COUNCIL WATCH Dubbo to join advocacy alliance
DUBBO Regional Council will accept the invitation to join an alliance called Regional Cities NSW (RCNSW), made up of NSW’S largest regional centres.
The RCNSW will provide a united front for regional residents to influence NSW Government policy and investment on issues such as population growth, regional infrastructure and investment.
“It will be a significant force to work with and not work against in relation to improving the benefits to our region,” Dubbo Regional Council CEO Michael Mcmahon told Dubbo
The collective of 16 councils will include NSW Inland Forum members Albury, Armidale, Bathurst, Orange, Tamworth and Wagga Wagga Councils, as well as Cessnock, Coffs Harbour, Griffith, Lismore, Maitland, Mid-coast, Port Macquarie-hastings, Queanbeyan and Tweed councils.
“This is a collaborative that involves the mayors, CEOS and GMS. The idea behind it is to allow us to sit at a table to really improve and regulate opportunities in our regional cities within that framework,” Mr Mcmahon said.
The concept follows on from a similar concept started 13 years ago in Victoria, which brought together 10 of Victoria’s largest regional cities as Regional Cities Victoria (RCV).
“RCV provides a collective voice for regional issues, which strengthens our advocacy and allows us to provide meaningful input into policy development. It also provides a valuable forum for engagement with state and federal governments,” Regional Cities Victoria Deputy Chair Cr Anna Speedie said.
“When it is formed the hope is that it will have enough clout to represent the biggest cities in NSW from Albury right through to Tweed,” Mr Mcmahon said. “It will actually then allow us to recognise the benefits of our cities, and offers us an opportunity to take a seat at the table to form and possibly implement policies,” he said.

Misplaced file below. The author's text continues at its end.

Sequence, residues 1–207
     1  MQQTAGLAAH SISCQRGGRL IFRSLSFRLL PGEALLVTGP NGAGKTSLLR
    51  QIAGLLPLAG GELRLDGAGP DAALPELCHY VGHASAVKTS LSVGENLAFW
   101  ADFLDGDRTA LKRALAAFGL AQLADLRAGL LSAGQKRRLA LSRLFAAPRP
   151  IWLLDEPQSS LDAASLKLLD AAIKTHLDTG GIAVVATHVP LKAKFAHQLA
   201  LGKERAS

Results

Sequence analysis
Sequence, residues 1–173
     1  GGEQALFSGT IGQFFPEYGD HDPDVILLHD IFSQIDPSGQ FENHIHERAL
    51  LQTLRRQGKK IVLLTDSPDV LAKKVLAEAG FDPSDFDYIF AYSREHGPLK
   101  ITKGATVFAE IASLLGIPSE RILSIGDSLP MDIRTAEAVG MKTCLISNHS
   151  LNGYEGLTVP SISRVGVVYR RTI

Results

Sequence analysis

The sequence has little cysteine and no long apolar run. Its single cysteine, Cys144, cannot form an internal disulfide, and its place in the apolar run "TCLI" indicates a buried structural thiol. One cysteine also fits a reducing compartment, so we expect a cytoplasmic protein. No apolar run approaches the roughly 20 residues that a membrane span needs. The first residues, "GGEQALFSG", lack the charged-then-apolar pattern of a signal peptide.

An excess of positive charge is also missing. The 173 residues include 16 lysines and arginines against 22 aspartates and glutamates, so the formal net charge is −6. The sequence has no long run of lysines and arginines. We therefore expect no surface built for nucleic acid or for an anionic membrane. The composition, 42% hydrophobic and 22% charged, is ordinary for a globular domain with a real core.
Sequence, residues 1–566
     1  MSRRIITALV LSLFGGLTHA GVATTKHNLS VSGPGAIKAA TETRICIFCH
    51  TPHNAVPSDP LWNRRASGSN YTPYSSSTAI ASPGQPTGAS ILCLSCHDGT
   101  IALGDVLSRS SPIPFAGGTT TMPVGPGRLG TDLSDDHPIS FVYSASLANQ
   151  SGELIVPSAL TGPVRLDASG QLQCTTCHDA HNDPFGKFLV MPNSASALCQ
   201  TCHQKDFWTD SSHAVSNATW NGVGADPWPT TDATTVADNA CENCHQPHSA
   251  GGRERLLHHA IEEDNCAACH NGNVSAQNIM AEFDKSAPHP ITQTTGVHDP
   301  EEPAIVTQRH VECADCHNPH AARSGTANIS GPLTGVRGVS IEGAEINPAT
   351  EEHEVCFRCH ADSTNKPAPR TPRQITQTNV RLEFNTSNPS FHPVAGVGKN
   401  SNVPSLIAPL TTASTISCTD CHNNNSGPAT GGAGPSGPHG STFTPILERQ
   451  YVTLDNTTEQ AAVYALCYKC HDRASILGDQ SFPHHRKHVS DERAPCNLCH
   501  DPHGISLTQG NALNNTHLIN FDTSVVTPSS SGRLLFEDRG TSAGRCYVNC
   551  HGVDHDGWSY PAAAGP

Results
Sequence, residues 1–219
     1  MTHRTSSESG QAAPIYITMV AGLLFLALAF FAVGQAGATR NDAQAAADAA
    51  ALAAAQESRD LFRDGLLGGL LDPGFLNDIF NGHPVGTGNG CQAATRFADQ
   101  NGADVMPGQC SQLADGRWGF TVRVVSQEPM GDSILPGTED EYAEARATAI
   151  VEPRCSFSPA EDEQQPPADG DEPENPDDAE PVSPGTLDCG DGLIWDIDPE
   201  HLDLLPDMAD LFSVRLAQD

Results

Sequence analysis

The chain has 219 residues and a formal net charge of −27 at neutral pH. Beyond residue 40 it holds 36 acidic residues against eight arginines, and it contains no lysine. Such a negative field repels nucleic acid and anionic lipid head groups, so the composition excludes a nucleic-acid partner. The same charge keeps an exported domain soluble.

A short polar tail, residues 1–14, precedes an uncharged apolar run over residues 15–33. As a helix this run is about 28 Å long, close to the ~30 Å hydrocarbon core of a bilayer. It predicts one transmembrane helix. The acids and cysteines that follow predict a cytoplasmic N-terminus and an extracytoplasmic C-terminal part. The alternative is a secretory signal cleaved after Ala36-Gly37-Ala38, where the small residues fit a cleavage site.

Regional Cities Victoria has used their combined resources to develop a Liveability Index of the ten cities. Cr Speedie said RCV commissioned the Liveability Index to identify and understand potential opportunities for member cities to improve on existing liveability performance, and attract and retain residents.
Strategies with regard to population and settlement will also be on the RCNSW agenda.
“That’s quite topical at the moment in regards to the question of trying to get more people from Sydney and Melbourne, to start going to regional centres as part of their migration to Australia.
“RCNSW can actually create opportunities,” Mr Mcmahon said.
RCNSW will not replicate the Evocities program which is also involved in growing the workforce externally.
“Evocities won’t be part of this Regional Cities (group). The purpose now is to have a collective, but which doesn’t include the marketing side of trying to attract people to inland areas of NSW,” Mr Mcmahon said.
RCNSW would replace the existing NSW Inland Forum, which excluded Councils that were located on the coast such as Port Macquarie-hastings and Coffs Harbour.
Membership costs will be $10,000 per annum.
Local chair of the Economic Development Business and Corporate Committee, Greg Mohr, said Dubbo was well placed to benefit from the creation of RCNSW.
“Regional Cities NSW will push for real change in regional NSW,” Councillor Mohr said. “Issues such as congestion and rapid population growth in metropolitan areas are an opportunity for Dubbo and other regional cities to continue to grow. The NSW Government has also released $4.2 billion from the sale of the Snowy Hydro project to invest in regional NSW, and RCNSW will aim to guide how this money is allocated,” Cr Mohr said.
The creation of Regional Cities NSW is dependent on getting a minimum of nine member Councils. DURING September 2018, Dubbo Regional Council approved 50 development applications with a total a value of $43,021,740, according to its Planning Development and Environment Committee’s building summary.
In Geurie, part of Jennings Street has been renamed to Fuzzy Box Road. As a result of a previously approved residential subdivision, Jennings Street will be separated by an unformed section of bushland between the existing formed road and the newly formed road.
Renaming that part of Jennings Street will save confusion for emergency services and other service providers locating property owners, Council said.